The Plaintiff asserts that the Marshals Service's November 2 letter was not a final agency action because the letter indicated the agency " is responding to your request" and did not explicitly state that the search for potentially responsive records was complete. To call to this argument spurious would be generous. The letter opens by stating that " [t]he United States Marshals Service is responding to your request for specific records in this agency's files pertaining to your client, Sholom Mordechai Rubashkin." Bordley Decl., Ex. D at 1. This sentence clearly indicates the purpose of the letter, and cannot reasonably be read to indicate the Marshals Service's response is ongoing. The second paragraph of the letter explains that the Marshals Service " conducted a search of our files . . . and located 166 pages responsive to your request." Id. at 1. The letter goes on to explain the disposition of all 166 pages, and indicates the Plaintiff can appeal the decision. Id. at 2. An affirmative statement that the agency's search was complete would be redundant in light of the unambiguous statement by the agency that it conducted a search for potentially responsive documents, referred certain pages to the appropriate originating agency, produced the remaining pages subject to redactions pursuant to specific exemptions articulated in the letter, and notified the Plaintiff could appeal if he was unsatisfied. Id. at 1-2. The Marshals Service's November 2, 2011, more than satisfied the requirement for an agency response sufficient to trigger the exhaustion requirement. Oglesby, 920 F.2d at 65 ( " A response is sufficient for purposes of requiring an administrative appeal if it includes: the agency's determination of whether or not to comply with the request; the reasons for its decision; and notice of the right of the requester to appeal to the head of the agency if the initial agency decision is adverse." ).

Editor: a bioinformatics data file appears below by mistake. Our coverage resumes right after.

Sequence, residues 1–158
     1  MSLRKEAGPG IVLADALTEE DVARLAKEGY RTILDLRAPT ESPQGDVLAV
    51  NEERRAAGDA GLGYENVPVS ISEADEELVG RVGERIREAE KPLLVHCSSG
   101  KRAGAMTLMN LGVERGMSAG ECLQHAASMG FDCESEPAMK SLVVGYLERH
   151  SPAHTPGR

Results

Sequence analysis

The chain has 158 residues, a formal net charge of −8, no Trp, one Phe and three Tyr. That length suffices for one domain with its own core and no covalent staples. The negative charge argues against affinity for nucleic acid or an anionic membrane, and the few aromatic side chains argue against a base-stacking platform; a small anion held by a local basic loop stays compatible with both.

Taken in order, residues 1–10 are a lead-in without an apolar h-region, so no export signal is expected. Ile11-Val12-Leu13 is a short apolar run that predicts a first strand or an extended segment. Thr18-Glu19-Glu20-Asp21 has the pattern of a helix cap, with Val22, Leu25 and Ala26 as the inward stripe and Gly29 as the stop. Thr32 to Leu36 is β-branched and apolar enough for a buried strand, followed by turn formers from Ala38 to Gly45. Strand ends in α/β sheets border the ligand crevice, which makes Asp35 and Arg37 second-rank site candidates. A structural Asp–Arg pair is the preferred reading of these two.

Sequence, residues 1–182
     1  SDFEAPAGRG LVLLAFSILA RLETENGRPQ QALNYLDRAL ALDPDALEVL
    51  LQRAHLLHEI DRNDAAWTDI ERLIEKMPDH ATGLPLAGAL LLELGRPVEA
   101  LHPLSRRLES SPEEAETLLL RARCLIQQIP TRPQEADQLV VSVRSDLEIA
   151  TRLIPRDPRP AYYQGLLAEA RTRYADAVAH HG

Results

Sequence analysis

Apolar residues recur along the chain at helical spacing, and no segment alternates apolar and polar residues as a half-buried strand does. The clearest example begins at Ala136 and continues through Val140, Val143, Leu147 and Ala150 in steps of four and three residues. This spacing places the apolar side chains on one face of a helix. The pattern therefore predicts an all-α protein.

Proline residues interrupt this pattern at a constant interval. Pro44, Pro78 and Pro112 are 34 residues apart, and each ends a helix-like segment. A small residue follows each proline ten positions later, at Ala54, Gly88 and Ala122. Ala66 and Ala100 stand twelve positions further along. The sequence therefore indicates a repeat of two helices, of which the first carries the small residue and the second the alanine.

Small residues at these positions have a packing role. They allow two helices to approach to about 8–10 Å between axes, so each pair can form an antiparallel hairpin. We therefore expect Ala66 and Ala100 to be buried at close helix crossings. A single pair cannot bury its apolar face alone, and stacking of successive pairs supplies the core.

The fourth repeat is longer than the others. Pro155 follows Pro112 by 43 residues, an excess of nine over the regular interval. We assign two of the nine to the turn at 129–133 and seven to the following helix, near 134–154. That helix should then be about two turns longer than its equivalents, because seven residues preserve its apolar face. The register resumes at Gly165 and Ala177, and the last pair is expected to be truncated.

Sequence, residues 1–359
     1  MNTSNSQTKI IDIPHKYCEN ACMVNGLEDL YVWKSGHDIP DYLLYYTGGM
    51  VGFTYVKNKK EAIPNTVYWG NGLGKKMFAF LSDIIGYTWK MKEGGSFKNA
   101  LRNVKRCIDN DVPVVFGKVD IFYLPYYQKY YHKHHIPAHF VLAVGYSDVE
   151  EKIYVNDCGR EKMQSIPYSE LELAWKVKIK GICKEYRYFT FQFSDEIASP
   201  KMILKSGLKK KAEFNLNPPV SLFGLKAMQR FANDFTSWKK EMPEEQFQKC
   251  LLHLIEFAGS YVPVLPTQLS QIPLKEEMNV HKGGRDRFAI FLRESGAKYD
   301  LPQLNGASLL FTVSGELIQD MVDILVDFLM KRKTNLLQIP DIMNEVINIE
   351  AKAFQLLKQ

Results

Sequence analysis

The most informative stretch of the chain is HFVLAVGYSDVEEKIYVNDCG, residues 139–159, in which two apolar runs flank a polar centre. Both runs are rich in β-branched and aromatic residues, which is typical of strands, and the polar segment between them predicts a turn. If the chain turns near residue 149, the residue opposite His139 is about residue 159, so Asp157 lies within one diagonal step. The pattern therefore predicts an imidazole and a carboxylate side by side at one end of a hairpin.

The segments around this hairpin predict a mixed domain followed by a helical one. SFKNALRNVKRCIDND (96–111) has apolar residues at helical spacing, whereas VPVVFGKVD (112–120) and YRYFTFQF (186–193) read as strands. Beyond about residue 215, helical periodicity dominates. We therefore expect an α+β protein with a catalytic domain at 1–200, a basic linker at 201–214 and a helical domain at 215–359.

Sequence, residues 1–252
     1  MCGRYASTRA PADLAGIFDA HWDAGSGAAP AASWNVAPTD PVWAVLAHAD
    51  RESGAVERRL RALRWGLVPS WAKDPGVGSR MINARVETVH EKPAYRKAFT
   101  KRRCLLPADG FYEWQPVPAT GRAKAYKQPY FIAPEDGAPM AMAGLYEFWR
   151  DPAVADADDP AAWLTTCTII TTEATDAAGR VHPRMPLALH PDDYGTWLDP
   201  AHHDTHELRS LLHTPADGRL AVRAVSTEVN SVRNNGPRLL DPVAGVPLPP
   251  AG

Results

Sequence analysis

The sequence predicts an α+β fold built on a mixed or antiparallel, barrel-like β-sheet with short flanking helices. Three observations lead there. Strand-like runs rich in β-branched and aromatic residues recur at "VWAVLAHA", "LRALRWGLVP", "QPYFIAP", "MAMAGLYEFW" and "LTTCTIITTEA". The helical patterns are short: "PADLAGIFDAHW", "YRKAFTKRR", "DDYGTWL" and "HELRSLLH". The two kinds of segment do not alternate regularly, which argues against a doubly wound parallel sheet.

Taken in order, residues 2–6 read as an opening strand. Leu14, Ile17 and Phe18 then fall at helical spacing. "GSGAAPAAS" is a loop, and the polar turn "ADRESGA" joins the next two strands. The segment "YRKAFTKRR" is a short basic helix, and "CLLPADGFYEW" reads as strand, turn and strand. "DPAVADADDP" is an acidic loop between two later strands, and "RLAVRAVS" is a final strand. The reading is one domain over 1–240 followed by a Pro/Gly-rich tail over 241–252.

The Plaintiff indicates that he thought " work was ongoing at the agency level," and " [n]ot wanting to interrupt the search with a court action, he waited for the rest of the documents for over four months." Pl.'s Cross-Mot. at 5 (citing Earle v. Holder, 815 F.Supp.2d 176 (D.D.C. 2011)). Not only was Plaintiff's belief the " work was ongoing" not supported by the November 2 letter from the Marshals Service, there is nothing in the record to indicate the Plaintiff had any communication with the Marshals Service that might reasonably lead the Plaintiff to believe that the agency was still processing his request. The Plaintiff asserts in his motion that he " asked for updates and patiently waited for more responses," but provides no document evidencing any communication with the Marshals Service after November 2, 2011.  There is no evidence to suggest the Marshals Service ever indicated to the Plaintiff that a search for potentially responsive documents was ongoing; to the contrary, the Plaintiff alleges the Marshals Service " has not communicated with the Plaintiff except through filings to this Court." Pl.'s Reply at 15. Thus, there is nothing in the record to indicate that the
parties were " seeking a final agency decision that, if successful, would have negated [the] need to file a lawsuit," such that the Court should excuse the Plaintiff's failure to exhaust his administrative remedies in this case. Earle, 815 F.Supp.2d at 181.